Truth vs. falsehood, signal vs. noise, gold vs. tailings or dross, wheat vs. chaff or weeds, and the list goes on. Separating the important from the unimportant, the valuable from the worthless, the true from the false—it’s a key life skill, and one that is on the wane. Hucksters and snake oil salesmen have never had it so good.
The sheer number of metaphors, similes, analogies, parables, and aphorisms dealing with the subject of truth vs. untruth is indicative of its immense weight. Truth matters. Yet there are millions of people who dedicate their lives, fortunes, and not-so-sacred honor to propagating lies.
Why? The answer is primarily spiritual, but for the purpose of this post we’ll say that those who celebrate and perpetrate lies have something to gain by it. They do not care for the strictures, disciplines, and character elements demanded or developed by natural or divine law. Humility, moderation, reality, and others-orientedness are not their cup of tea. They prefer pride, power, fantasy, and selfishness.
We see these traits writ large in the lives of many billionaires and high-level politicians and activists throughout the world. They have more money and influence than most people could thoughtfully use in many lifetimes, but, with apologies to Pierce Brosnan, the world is not enough.
A full accounting of their lies here would sound like a political screed, but the culture of lies has trickled down to every element of society. Politics is largely comprised of lies. The business world is likewise substantially dedicated to the untrue. Product advertisements are nine parts hype to one part reality, the dishwasher repairman will be here Tuesday at 10 and the thingamajig will cost only $x and fix the problem (sure it will), many online articles and youtube videos are worthless if not harmful, hundreds of millions of social media posts are not only untrue but clearly produced by persons in full-on idiot mode. It’s a sad state of affairs.
But all of this is preparatory to the real point here. Money has been called “condensed life,” and it’s crucial for good, honest living. But it is also power and things, and power and things are the meaning of life for many people. Money brings out the liar, schemer, and manipulator in many people, including many you would never suspect.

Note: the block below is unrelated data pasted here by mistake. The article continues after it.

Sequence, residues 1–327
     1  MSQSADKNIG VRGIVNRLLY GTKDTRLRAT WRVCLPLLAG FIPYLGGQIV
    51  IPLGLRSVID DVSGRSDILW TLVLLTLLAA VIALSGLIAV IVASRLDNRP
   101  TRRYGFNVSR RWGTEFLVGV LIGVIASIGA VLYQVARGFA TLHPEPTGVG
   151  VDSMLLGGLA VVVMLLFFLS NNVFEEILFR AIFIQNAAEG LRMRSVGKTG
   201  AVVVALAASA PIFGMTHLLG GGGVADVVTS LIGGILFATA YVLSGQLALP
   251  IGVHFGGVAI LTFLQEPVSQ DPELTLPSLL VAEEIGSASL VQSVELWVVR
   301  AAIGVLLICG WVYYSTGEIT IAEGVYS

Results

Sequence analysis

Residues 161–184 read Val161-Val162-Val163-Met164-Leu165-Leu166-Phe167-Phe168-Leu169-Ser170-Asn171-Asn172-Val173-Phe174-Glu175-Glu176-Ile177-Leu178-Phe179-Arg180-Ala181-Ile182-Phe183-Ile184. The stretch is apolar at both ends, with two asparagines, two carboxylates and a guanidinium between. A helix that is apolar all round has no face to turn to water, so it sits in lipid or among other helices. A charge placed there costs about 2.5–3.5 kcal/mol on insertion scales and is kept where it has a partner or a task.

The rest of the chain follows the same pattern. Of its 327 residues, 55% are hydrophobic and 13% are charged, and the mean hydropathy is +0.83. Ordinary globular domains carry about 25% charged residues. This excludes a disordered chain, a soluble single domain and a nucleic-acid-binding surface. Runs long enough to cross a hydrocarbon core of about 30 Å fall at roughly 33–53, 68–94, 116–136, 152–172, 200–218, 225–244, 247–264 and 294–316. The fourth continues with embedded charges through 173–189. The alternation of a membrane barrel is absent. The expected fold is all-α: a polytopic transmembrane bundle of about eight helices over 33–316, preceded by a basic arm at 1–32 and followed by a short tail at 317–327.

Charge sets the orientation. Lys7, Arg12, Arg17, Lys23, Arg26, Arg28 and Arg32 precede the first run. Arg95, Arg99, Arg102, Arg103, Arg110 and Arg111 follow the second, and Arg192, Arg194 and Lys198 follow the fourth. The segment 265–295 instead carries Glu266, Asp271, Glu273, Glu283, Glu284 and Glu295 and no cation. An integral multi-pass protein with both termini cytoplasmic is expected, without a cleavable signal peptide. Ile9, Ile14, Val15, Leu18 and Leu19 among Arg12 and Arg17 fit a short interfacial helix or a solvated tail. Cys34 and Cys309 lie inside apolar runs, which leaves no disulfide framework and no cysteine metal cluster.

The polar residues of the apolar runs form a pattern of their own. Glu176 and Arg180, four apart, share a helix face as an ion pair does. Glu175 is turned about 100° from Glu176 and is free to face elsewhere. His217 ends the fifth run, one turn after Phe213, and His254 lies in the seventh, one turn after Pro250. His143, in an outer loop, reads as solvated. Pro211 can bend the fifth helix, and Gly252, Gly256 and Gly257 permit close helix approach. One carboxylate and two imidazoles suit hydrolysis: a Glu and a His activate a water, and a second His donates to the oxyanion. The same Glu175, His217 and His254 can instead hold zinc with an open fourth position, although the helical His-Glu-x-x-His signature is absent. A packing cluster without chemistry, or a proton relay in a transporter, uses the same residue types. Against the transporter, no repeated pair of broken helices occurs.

Money is the reason we have the Federal Reserve System. It’s the reason we have the IRS, the Treasury, and markets for equities, bonds, real estate, art, collectibles, and commodities, among others. And in one place or another in all of those institutions or markets, despite value in many of them, there are lies, misrepresentations, misdirection, or theft of one kind or another.
This is always the case, but the lies become epidemic when they become part of the fabric of the society. Clearly that is becoming the case as radicals who reject absolute truth capture more and more of our institutions and government.
In the midst of such a culture of lies, there are some who still dedicate themselves to the truth. And while it’s dangerous to put oneself forth as any kind of standard of truth (obviously much of untruth in fallible human beings is unintentional—due to ignorance or error), it is honorable to seek truth and to do so diligently—to conquer ignorance and correct errors as far as possible.
We have listed the hallmarks of truth seekers here before, things like humility, standing on the shoulders of giants and acknowledging those giants for their work, diligence, verification, care, association with other truth tellers, and so forth. You will see these hallmarks in abundance in the publications summarized below. If truth matters to you, and it should, these publications are good places to seek it.
- Central banks lose mojo
- Remember, Fed tightening is a response to too much Fed loosening
- Fed head runs, not walks, from expectation of soft landing
- Chart shows gold is compressed and ready to move